Margaret Steiner
Margaret Steiner
Head of Business Development & Communications at Mandaworks
Cassia Patel
Cassia Patel
Program Director of Oceanic Global
Frauke  Fischer
Frauke Fischer
Founder, Agentur Auf!

About two-thirds of the world's oceans and three-quarters of the land area of our planet have been massively impacted by humans. True wilderness exists on only 2% of the planet's land surface. From this, the answer is quite clear. The focus in the development of new hotels and other touristic infrastructure must be on already developed or even degraded sites. These offer a huge potential, not only because they are often easier to reach, but also because guests will appreciate the well-communicated approach of turning destroyed areas back into something like intact nature.

Johanna Wagner
Johanna Wagner
Co-Founder of La Belle EDuC, Founder of Upside Up Hotel Asset and Guest Lecture at ESSEC MSc in Hospitality Management (IMHI)
Celine Vadam
Celine Vadam
Founder & CEO of WE(i) Think
Sarah Habsburg-Lothringen
Sarah Habsburg-Lothringen
BA Hons, PGCE & MSc, Tourism Training Specialist & Business Mentor for Small, Independent Hotels
Marloes Knippenberg
Marloes Knippenberg
CEO of Kerten Hospitality
Bill Bensley
Bill Bensley
Founder of BENSLEY

If the area in question is not under attack from poaching and logging, and doesn't need protection - hands off! Leave it to do what it has been doing perfectly for thousands of years. However if it is deteriorating and or in need of protection, this model of sustainability featuring luxury hospitality is a great alternative. It also helps to persuade local governments to turn away from lucrative options like logging, once it becomes clear that money can be made in eco-tourism, while helping the environment!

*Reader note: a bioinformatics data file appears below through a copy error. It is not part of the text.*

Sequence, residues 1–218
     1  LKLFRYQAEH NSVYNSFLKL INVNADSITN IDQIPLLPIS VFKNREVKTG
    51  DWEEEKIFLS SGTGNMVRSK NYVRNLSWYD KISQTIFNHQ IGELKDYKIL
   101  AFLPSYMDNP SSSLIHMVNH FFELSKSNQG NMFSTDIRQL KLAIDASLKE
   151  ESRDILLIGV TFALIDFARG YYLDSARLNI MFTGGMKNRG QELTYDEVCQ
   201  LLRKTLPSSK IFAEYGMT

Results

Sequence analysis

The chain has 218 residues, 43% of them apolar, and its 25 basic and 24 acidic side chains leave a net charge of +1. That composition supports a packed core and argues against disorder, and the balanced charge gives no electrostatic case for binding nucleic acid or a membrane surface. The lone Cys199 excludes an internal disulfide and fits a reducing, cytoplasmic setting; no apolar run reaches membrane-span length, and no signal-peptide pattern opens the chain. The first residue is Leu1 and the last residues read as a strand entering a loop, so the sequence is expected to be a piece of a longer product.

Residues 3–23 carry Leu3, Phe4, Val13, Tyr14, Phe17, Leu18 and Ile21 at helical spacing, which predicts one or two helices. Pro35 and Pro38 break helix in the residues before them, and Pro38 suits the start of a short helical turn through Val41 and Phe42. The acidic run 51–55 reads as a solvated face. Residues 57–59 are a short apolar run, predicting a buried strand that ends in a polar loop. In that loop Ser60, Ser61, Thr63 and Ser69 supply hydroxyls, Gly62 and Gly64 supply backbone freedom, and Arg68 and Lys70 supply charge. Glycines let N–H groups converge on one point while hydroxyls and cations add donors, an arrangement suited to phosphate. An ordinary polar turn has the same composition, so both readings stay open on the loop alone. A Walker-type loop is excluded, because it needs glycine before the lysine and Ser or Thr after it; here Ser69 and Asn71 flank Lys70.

Natasha  Montesalvo
Natasha Montesalvo
Principal Consultant – Destination, Strategy and Insight at EarthCheck
Florian Kaefer
Florian Kaefer
PhD, Founder & Editor, Sustainability Leaders Project
Elena  Cavagnaro
Elena Cavagnaro
Professor of Sustainability in Hospitality and Tourism at Stenden University of Applied Sciences

The central question posed to the panel is: should the hotel industry refrain or not from developing in remote or rich natural areas? Although I may be accused to have imbibed too much of the Dutch directedness, my immediate answer would be that it should! Considering the alarming conclusions of the last IPCC report and looking forward to the UN Biodiversity Conference COP15 we should face the truth and admit that an industry that has such negative environmental impacts on climate and on biodiversity cannot grow for ever. The only possible exception are those operations that can prove in a science-based way to be restorative, to be able to enter an area environmentally and socially impoverished and regenerate it sustainably.

Jonathon Day
Jonathon Day
Associate Professor and Graduate Program Director School of Hospitality and Tourism Management
Willy Legrand
Willy Legrand
Professor of Hospitality Management at the IU International University of Applied Sciences, Germany